October 30, 2007

Movie Review: Saw IV

As the tagline says: "It it's Halloween, it's Saw." Here we are, the fourth Halloween in a row with a new entry in the Saw franchise, a series that is fast becoming the new Friday the 13th or A Nightmare o Elm Street. Where the 1980's had their slashers, the new millennium has its torture films, from the current king of the mountain (Saw, duh), to the next tier that includes Hostel, all the way down to films like Turistas and Captivity. The penchant for the cruelty towards the human body is even making its way out of the horror genre into mysteries (I Know Who Killed Me) and real world based "message movies" (Rendition). Each of them succeed to different degrees, but so far only the Saw films have been able to turn the torture theme into box office success. Although the films are getting on towards the area of diminishing returns (in quality), there is still something to be said for the creative traps and resultant gore.

The end of Saw III left many wondering how the series would continue, considering the demise of the primary bad guy, Jigsaw (Tobin Bell), and his apprentice Amanda (Shawnee Smith). I apologize for the spoiler, but I figure anyone interested in Saw IV will have likely already seen the previous three. In seeing how they decided to proceed with this film is pretty interesting as they play with chronology and have multiple flashbacks going after the opening autopsy of one Mr. Jigsaw. Following that, this film has an extreme lack of focus and direction. It is not through no effort from the creative team, it is clear that they are trying very hard to make this work. The problem lies in the team working too hard to make everything fit. Well, that and this all too serious tone which sucks a lot of potential fun right out of the experience.

I liked the first Saw, it was a twisted reworking of what David Fincher did with Se7en. The second film had quick turn around and seemed more intent on upping the gore factor, which it was successful at, at the expense of the film as a whole. The third outing saw a return to the focus that the first one had, with some gruesome traps and a better story. It is too bad that this one went the way it did, yes it had gore, but by the time the closing credits rolled I found that I did not care one iota about the characters, or how everything fit.

Director Darren Lynn Bousman returns for his third time around in the chair, joined by a pair of newcomers to the series in screenwriters Patrick Melton and Marcus Dunstan (whose only other writing credit is for the Project Greenlight horror flick Feast from 2006). Together this creative team has crafted a film that is far and away the most convoluted entry of the series, and one of the most nonsensical horror films of recent years.

When talking to friends I have come to describe it as the Lost of the big screen. I think the comparison is apt because, much like the popular television series, nothing appears on the big screen that doesn't have some connection to the bigger picture. It doesn't matter how big or how small the detail, do not fear as it will tie into something. If it doesn't tie in here, it will be forced into place in a future entry. The script is so packed with minutia that there is no room for character development, the writers are two busy trying to force the pieces through hoops so that they all fit. Or at the very least there are enough clues to keep the hardcore fans discussing them until the next entry reaches the big screen.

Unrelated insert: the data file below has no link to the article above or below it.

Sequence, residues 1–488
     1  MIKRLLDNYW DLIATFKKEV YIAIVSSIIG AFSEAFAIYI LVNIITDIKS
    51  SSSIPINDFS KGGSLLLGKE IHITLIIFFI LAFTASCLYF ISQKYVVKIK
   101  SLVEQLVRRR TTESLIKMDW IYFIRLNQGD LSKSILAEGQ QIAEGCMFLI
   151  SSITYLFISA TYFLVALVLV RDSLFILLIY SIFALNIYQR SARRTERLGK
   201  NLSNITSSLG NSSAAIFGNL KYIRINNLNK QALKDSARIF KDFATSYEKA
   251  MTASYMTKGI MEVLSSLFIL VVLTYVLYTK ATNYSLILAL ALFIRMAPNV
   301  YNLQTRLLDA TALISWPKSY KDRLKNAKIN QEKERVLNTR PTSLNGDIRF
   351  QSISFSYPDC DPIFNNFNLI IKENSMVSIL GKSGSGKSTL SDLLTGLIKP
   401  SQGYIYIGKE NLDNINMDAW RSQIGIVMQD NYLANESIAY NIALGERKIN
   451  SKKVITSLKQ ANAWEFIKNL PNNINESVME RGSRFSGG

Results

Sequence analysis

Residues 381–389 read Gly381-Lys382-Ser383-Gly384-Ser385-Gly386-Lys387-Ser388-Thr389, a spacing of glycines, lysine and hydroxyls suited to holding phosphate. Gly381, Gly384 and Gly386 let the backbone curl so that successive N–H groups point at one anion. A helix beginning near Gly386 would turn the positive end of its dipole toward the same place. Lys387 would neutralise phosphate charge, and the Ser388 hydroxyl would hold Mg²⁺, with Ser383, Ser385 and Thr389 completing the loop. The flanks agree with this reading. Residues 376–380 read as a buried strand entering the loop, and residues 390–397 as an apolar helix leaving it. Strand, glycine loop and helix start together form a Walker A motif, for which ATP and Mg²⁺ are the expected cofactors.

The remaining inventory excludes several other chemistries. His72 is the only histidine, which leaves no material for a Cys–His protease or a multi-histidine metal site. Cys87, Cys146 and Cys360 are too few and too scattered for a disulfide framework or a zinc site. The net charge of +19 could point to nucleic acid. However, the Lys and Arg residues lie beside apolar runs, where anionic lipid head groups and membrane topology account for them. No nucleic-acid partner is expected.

Despite the super-serious tone that the movie takes, Jigsaw remains one of the more intriguing villains to reach the big screen in recent years. Saw IV takes us a little further into the origins of the moralizing killer who isn't really a killer. His life experience, combined with his terminal cancer has taught him to cherish life. He has set his life's goal to spread that thought and so he goes forth, carefully choosing his subjects before placing them in elaborate traps to teach them something about themselves.

While we learn more about the mastermind, his traps remain more of the same. Rather his messages are all the same. Again, the script and story forego any attempts to further those motives in its effort to force all of the players into the big picture.

To move forward with any plot description would reveal just how convoluted it is and likely reveal holes in my ability to remember much of it. So, I will not even attempt to go over what happened. Actually, I am not even sure that I know what happened. I do know that I left the theater with a question mark plastered across my face.

Where Saw IV succeeds is in delivering some deliciously gruesome traps and a healthy dose of gore. Fortunately, it was frequent enough to keep me from completely losing it over the twisty story. So, for horror fans you will likely enjoy what this has to offer in its splatter factor. It is just a shame that the focus is more on putting the pieces together than it is furthering a story.

Bottomline. Saw IV should be admired for its ambition, but it aims way too high and falls way too short. I left with a question of what happened, upon some thought I can get the major pieces into place, but the biggest attraction is the blood and guts. Hopefully whatever is to follow will rail back the plot gymnastics and give us some stronger characters to care about and less complexity to unravel.

Mildly Recommended.


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